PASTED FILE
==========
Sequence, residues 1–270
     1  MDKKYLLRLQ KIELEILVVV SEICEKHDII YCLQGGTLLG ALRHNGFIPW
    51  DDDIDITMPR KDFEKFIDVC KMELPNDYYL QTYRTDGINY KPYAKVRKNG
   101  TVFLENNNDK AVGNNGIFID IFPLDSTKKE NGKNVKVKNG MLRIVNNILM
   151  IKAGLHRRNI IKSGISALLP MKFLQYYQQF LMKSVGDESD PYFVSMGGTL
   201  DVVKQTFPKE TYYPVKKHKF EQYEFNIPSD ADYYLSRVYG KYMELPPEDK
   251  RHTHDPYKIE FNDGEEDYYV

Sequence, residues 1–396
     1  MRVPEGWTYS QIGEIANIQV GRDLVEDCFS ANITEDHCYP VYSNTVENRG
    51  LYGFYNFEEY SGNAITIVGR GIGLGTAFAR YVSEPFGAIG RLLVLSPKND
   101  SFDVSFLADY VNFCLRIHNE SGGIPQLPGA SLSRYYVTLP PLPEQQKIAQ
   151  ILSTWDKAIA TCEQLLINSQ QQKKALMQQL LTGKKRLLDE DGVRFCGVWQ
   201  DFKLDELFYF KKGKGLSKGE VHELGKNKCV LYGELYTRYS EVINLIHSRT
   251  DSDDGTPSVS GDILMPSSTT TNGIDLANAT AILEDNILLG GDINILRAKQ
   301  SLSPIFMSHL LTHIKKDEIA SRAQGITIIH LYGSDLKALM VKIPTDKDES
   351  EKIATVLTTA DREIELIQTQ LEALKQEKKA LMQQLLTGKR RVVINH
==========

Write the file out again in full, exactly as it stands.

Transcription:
Sequence, residues 1–270
     1  MDKKYLLRLQ KIELEILVVV SEICEKHDII YCLQGGTLLG ALRHNGFIPW
    51  DDDIDITMPR KDFEKFIDVC KMELPNDYYL QTYRTDGINY KPYAKVRKNG
   101  TVFLENNNDK AVGNNGIFID IFPLDSTKKE NGKNVKVKNG MLRIVNNILM
   151  IKAGLHRRNI IKSGISALLP MKFLQYYQQF LMKSVGDESD PYFVSMGGTL
   201  DVVKQTFPKE TYYPVKKHKF EQYEFNIPSD ADYYLSRVYG KYMELPPEDK
   251  RHTHDPYKIE FNDGEEDYYV

Sequence, residues 1–396
     1  MRVPEGWTYS QIGEIANIQV GRDLVEDCFS ANITEDHCYP VYSNTVENRG
    51  LYGFYNFEEY SGNAITIVGR GIGLGTAFAR YVSEPFGAIG RLLVLSPKND
   101  SFDVSFLADY VNFCLRIHNE SGGIPQLPGA SLSRYYVTLP PLPEQQKIAQ
   151  ILSTWDKAIA TCEQLLINSQ QQKKALMQQL LTGKKRLLDE DGVRFCGVWQ
   201  DFKLDELFYF KKGKGLSKGE VHELGKNKCV LYGELYTRYS EVINLIHSRT
   251  DSDDGTPSVS GDILMPSSTT TNGIDLANAT AILEDNILLG GDINILRAKQ
   301  SLSPIFMSHL LTHIKKDEIA SRAQGITIIH LYGSDLKALM VKIPTDKDES
   351  EKIATVLTTA DREIELIQTQ LEALKQEKKA LMQQLLTGKR RVVINH